One of the thorniest issues in a divorce or custody and parenting time matter is who gets to claim the kids on their income tax returns. It should not be done by going eeny, meeny, miny, moe. Understanding the ins and outs of the federal and state tax laws can be a difficult undertaking to say the least. The challenge can be even greater when taking into consideration tax credits available for parents with children or other dependents.
Many Americans end up paying more than their fair share of taxes because of a failure to take advantage of the numerous tax refund credits available for parents. The following is meant to serve as a brief overview of several of the federal and state tax credits for which you, as a parent, may be eligible. A qualified and experienced tax professional would be in the best position to counsel you on these and other credits that you might be entitled to receive.
The federal earned income tax credit is designed to help individuals with low to moderate levels of income, particularly those who are raising children. Eligibility to receive the earned income tax credit is based on income and the number of qualifying children. It is also based on whether the person is able to file as Head of Household. In 2012, for example, a single person with two qualifying children and earned income of less than $30,000 would be eligible for the tax credit. The parent in this case would be entitled to a tax credit of $2,512. There are certain other requirements that parents must meet in order to qualify for the tax credit. A tax professional can provide further information and advise you on your eligibility to receive the earned income tax credit.
In Minnesota, there is a similar state tax credit available, known as the Minnesota Working Family Credit. Like the EITC, it is a refundable tax credit based on earned income and the number of qualifying children. Those who qualify for the federal earned income tax credit, may be eligible for the Minnesota Working Family Credit.
In addition to the earned income tax credit, parents may also be entitled to a reduction in the amount of federal taxes owed based on the Child Tax Credit. With this credit, a parent can receive up to $1,000 in tax credit for each dependent child under the age of 17. In order for a parent to be eligible to receive this tax credit, the child must be a son, daughter, stepchild, foster child, or adopted child. The tax credit is also available to individuals who claim any of the following as dependents: a brother, sister, stepbrother, stepsister, or a descendant of any of these individuals, such as a grandchild, niece, or nephew.
Tax payers in higher income brackets, however, may not be eligible or may only be eligible for a percentage of the tax credit. There are additional restrictions, and a qualified Minnesota tax professional would be in the best position to advise you on whether you qualify for the Child Tax Credit and the amount you are entitled to receive as a credit or refund.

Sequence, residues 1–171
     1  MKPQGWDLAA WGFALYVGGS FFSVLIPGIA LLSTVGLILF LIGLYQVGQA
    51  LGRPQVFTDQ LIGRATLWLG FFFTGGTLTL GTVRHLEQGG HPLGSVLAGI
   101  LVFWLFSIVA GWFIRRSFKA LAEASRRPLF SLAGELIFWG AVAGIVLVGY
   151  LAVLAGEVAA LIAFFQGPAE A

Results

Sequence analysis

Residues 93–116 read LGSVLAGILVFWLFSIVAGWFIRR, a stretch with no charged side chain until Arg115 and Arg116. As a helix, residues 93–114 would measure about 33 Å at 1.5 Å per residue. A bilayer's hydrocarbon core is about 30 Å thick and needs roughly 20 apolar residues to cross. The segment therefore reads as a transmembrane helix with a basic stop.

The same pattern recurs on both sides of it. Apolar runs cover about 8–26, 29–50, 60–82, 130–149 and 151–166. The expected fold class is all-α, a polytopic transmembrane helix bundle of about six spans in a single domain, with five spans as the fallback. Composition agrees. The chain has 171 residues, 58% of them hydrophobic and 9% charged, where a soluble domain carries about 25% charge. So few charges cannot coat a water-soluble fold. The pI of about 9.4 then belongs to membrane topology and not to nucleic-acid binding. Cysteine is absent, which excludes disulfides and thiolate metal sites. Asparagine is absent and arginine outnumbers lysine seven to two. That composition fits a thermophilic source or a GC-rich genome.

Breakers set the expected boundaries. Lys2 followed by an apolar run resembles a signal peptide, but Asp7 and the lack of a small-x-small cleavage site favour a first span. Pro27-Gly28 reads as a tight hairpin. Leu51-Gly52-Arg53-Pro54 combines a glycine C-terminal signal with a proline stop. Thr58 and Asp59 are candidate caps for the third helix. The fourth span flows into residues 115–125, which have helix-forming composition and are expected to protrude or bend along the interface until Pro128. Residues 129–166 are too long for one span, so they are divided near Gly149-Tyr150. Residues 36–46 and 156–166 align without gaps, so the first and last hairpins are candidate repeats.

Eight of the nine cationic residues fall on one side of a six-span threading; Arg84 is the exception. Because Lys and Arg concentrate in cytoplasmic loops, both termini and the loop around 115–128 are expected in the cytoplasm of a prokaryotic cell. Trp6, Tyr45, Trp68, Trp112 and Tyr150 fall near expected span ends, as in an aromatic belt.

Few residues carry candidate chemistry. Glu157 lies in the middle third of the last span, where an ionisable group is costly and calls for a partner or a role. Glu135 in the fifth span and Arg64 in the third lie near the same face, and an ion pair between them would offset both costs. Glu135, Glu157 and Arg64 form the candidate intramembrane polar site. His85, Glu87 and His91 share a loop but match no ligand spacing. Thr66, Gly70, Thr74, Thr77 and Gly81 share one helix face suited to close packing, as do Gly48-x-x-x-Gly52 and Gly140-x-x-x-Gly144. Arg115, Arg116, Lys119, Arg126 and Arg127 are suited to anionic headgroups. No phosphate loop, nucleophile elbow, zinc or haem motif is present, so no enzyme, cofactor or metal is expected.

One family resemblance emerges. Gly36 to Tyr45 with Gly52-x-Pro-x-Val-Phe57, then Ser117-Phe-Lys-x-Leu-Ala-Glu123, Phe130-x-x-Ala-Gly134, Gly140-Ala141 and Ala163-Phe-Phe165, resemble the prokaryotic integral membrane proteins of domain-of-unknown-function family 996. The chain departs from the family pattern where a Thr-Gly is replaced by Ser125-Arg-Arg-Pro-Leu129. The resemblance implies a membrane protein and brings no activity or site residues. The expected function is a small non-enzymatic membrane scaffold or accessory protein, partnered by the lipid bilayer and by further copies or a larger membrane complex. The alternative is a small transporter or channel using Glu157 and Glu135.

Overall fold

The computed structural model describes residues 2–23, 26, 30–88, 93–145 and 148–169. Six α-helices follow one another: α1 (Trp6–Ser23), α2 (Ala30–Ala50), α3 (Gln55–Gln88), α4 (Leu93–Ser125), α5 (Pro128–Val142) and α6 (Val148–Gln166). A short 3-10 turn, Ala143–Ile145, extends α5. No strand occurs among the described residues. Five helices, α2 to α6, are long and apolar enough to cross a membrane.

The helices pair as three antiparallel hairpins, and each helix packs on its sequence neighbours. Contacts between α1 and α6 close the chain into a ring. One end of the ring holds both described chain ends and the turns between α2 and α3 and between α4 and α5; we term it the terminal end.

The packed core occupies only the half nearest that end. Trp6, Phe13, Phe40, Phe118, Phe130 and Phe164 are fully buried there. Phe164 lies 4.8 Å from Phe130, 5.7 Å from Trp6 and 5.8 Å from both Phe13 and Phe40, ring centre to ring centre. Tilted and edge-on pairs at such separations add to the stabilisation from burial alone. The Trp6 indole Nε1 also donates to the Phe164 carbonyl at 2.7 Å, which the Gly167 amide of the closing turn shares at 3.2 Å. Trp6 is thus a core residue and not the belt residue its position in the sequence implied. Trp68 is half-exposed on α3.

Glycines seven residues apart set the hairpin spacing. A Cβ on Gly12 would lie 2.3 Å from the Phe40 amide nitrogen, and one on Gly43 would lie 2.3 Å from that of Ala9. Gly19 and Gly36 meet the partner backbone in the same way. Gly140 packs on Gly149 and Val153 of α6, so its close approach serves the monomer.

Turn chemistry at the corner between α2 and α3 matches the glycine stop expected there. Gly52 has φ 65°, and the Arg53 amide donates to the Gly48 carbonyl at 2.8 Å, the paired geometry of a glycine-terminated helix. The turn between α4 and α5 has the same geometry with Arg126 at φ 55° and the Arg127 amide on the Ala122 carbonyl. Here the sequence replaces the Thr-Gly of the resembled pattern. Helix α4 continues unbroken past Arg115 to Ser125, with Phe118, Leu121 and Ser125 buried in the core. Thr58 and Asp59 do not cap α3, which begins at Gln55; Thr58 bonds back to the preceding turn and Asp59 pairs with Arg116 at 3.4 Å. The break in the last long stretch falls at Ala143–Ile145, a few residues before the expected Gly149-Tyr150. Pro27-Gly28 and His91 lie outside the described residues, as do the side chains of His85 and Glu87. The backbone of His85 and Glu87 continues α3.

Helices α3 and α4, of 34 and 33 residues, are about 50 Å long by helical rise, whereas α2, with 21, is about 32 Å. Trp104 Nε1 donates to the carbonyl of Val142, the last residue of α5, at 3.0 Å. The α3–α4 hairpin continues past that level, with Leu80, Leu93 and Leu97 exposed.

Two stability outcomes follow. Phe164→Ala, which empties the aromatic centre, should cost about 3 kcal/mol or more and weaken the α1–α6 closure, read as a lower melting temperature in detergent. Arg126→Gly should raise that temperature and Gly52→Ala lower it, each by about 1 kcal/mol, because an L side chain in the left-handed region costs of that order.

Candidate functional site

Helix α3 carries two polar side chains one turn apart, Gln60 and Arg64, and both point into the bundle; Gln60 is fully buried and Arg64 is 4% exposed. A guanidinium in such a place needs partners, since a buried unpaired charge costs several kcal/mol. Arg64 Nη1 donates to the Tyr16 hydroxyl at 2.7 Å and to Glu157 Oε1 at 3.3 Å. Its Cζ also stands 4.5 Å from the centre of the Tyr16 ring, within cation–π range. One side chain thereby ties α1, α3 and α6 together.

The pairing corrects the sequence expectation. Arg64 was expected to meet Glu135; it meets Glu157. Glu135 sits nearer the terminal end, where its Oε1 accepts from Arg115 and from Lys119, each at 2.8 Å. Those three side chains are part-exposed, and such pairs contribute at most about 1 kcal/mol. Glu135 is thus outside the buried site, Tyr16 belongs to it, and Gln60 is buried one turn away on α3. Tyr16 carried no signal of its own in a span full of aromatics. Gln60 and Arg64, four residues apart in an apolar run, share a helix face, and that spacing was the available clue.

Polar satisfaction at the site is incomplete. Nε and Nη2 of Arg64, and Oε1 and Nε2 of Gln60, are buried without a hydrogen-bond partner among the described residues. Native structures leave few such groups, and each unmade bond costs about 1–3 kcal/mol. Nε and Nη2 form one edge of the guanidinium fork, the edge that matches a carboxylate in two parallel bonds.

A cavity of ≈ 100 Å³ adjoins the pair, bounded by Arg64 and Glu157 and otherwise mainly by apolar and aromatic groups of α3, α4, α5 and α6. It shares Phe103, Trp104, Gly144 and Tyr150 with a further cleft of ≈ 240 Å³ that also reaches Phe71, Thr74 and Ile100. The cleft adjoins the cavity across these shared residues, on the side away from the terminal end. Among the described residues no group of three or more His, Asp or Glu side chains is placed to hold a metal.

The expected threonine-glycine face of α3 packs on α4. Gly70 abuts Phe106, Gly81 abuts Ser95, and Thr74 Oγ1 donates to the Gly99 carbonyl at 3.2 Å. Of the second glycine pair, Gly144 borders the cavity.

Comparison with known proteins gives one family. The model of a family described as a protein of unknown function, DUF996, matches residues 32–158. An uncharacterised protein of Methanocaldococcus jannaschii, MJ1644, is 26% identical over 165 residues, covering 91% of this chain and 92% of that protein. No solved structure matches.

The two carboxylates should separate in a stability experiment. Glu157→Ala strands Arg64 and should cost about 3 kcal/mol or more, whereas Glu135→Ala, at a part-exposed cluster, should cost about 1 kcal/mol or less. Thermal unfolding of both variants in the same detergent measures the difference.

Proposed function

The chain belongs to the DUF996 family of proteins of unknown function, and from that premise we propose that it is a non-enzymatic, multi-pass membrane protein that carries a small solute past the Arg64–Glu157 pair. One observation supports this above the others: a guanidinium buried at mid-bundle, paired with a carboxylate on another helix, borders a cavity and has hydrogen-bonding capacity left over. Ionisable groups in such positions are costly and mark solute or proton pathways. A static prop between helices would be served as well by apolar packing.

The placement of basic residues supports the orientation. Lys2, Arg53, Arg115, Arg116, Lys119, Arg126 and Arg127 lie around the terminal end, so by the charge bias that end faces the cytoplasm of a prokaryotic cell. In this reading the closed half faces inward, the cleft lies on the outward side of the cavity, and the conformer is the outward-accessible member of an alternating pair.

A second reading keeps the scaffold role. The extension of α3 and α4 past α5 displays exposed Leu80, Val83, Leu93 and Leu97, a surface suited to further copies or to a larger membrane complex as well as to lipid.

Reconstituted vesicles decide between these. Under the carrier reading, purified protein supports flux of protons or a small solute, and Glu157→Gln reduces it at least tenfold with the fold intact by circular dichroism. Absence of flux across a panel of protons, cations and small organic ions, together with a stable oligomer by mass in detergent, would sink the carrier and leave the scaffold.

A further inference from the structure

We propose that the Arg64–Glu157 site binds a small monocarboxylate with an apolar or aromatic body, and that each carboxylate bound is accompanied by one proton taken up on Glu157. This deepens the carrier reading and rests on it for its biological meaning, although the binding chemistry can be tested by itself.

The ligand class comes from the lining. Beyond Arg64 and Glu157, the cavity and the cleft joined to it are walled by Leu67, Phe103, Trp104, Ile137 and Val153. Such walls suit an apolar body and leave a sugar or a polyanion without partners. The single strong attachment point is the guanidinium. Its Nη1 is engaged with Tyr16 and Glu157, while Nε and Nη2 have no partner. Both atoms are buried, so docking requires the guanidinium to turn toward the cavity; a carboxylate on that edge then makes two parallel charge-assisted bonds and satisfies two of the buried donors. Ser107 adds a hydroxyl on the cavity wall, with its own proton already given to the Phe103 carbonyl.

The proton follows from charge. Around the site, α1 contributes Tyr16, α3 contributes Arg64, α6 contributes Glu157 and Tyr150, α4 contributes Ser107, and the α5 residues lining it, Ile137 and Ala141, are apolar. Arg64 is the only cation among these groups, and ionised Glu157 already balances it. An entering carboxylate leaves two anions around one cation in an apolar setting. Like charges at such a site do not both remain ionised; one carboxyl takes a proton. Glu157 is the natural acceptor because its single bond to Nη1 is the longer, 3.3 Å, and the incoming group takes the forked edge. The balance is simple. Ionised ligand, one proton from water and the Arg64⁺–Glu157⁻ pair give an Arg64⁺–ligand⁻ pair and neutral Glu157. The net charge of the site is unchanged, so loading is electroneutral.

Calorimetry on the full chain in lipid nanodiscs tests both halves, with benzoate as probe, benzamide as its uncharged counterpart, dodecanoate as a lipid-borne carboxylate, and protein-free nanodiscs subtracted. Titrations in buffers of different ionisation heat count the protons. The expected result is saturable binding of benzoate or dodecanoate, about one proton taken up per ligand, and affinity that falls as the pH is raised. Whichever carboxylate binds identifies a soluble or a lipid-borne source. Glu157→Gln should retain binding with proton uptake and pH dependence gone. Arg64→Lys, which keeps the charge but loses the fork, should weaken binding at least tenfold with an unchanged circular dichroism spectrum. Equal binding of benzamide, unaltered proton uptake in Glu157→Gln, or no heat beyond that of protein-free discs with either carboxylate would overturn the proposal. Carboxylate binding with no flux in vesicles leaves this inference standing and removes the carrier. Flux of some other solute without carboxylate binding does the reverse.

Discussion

The Child and Dependent Care Credit makes it possible for an individual to recover a portion of the amount that was paid for the care of a child, spouse, or other dependent during the tax year. The credit is only available in situations in which a taxpayer incurs child care expenses in order to enable him or her to work, attend school, or seek employment. This credit is also only available to the taxpayer able to claim head of household. A taxpayer may be eligible to recover between 20-35% of costs paid for child or dependent care during the year, depending on the individual’s or couple’s adjusted gross income.
The less income an individual earns, the larger the percentage of care expenses they are able to claim as a tax credit. An important point to note is that when calculating the credit, the amount of care expenses is limited to $3,000 for one child or $6,000 for two or more children, which may be less than the actual amount paid in child or dependent care expenses during the year.
In Minnesota, there is also a comparable state version of the federal child and dependent care credit, which entitles a taxpayer to a similar credit or refund on state taxes.
In Minnesota, there are two additional tax relief programs for families with children in kindergarten through 12th grade: the K-12 Education Subtraction and the K-12 Education Credit. The education credit entitles parents to a tax credit or refund based on the amount paid in expenses related to education, including costs for tutors, school books and materials, transportation paid to others, certain extracurricular activities, and, in some cases, computer hardware or software. The amount of the tax credit is 75% of qualifying expenses and is limited to $1,000 per child.
The education subtraction works like a deduction, enabling a taxpayer to deduct certain expenditures from their taxable income. Unlike the credit, 100% of qualifying educational expenses can be deducted. There is, however, a maximum subtraction: $1,625 for students in grades K-6 and $2,500 for students in grades 7-12.
Seeking the advice of a qualified Minnesota tax professional can save you time and money. If you are contemplating a divorce or custody/parenting time action, you need this information. Schedule an appointment with one of the experienced attorneys of Mundahl Law for more information on tax credits and other programs available to ease the tax burden on divorcing or separating parents and families in Minnesota.